Sure, there are a lot of awkward things about going to the doctor, but without getting the truth from you, they simply can’t help you as much.
It’s crucial to be honest with your doctor about everything. You won’t get in trouble, and they’ve seen it all, so they’re not going to judge.
You might not even know what information you’re hiding from them, so check out this list of ten things you need to start being honest about with your doctor and rest a little better knowing they’re treating you with all the information they can get.
“I’m taking the medication as prescribed.”
If you’re not, the doctor’s going to abandon that line of treatment, which means your lie is potentially denying you a cure or treatment that could work, but you just can’t admit you that haven’t been taking it as prescribed.
If you’ve slacked on taking it, fess up.
“I’m not taking any supplements or vitamins.”
You might not remember you’re taking them, or you might not think they’re important, but let the doctor decide that.
All sorts of things can affect and interfere with prescriptions and treatments, and only the doctor can know for sure, so come clean on everything.
“I haven’t eaten anything before surgery.”
It seems like no big deal to have a snack, but there’s a good reason you need an empty stomach before surgery.
For most procedures, the dangers don’t come from the surgery itself, but the anesthesia. If your stomach’s not empty, you can vomit and asphyxiate, so first off don’t eat, and secondly, don’t lie about it!
“I don’t drink that much.”
Yes, you do. And not only is that important to admit for honesty’s sake, but hiding that information could delay diagnosis and treatment for a condition that might be made worse by alcohol.
The doctor’s not your parent. They’re not going to shame you. They need this info to diagnose and treat you.
“I don’t smoke.”
Smoking is becoming more and more taboo, so the urge to lie about it is understandable – it’s a dangerous habit.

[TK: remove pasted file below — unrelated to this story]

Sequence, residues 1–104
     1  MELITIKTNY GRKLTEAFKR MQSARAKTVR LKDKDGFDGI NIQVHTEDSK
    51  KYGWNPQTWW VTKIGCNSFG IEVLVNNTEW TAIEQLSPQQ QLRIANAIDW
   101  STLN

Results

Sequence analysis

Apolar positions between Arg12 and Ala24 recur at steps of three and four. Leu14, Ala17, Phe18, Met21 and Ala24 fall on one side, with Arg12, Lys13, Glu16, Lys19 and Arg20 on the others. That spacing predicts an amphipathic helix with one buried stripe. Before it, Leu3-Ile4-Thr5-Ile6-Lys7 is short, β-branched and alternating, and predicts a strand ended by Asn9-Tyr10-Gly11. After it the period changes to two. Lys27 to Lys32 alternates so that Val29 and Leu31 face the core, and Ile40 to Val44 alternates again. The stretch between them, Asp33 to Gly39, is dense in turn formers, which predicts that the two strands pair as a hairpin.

If they know you smoke, they will spend more effort and time looking for diseases and issues that smokers are prone to.
If they don’t think you smoke, they might gloss over those issues.
“I don’t do drugs.”
Not only is this important to admit because of the general lifestyle implications, but also because of how your drug use will interact with prescribed medicines.
Even marijuana can impact the effect some drugs have, so let your doctor know – it could change the way you’re treated.
“I exercise and eat healthy.”
If you don’t, but say you do, the doctor will start looking for less common reasons you’re gaining weight or out of breath.
It can also cause the doctor to overlook heart and diabetes issues that you might be at greater risk for than you’re willing to admit.
“I don’t take over-the-counter pain relievers.”
The stuff in these OTC pills can be deadly and do real damage to your liver. The doctor won’t be able to ID them as a cause of an issue if you’re underreporting how much you take.
Also, if you’re already taking some, you don’t want the doctor prescribing you something that will double up on those potentially dangerous compounds.
“It doesn’t hurt.”
Guess what? The doctor doesn’t care if you’re tough. If something hurts, speak up.
Pain is a consistent and reliable indicator that something is wrong, so don’t overestimate or underestimate for any reason.
Sometimes people also downplay pain to avoid a certain type of treatment, even though they may very well need it for their well-being.
They also do it to maybe save money if they don’t have insurance.
Put your health first. Be honest.
It’s your body. If you don’t understand or weren’t paying attention, ask again. Most of your treatment doesn’t come in the doctor’s office, but with your lifestyle based on their direction.
If you don’t understand the issue, diagnosis, course of treatment, or advice, speak up, and let them know.
If you’re not clear on the problem and how to address, you’re not going to fix it, and that could be a fatal mistake.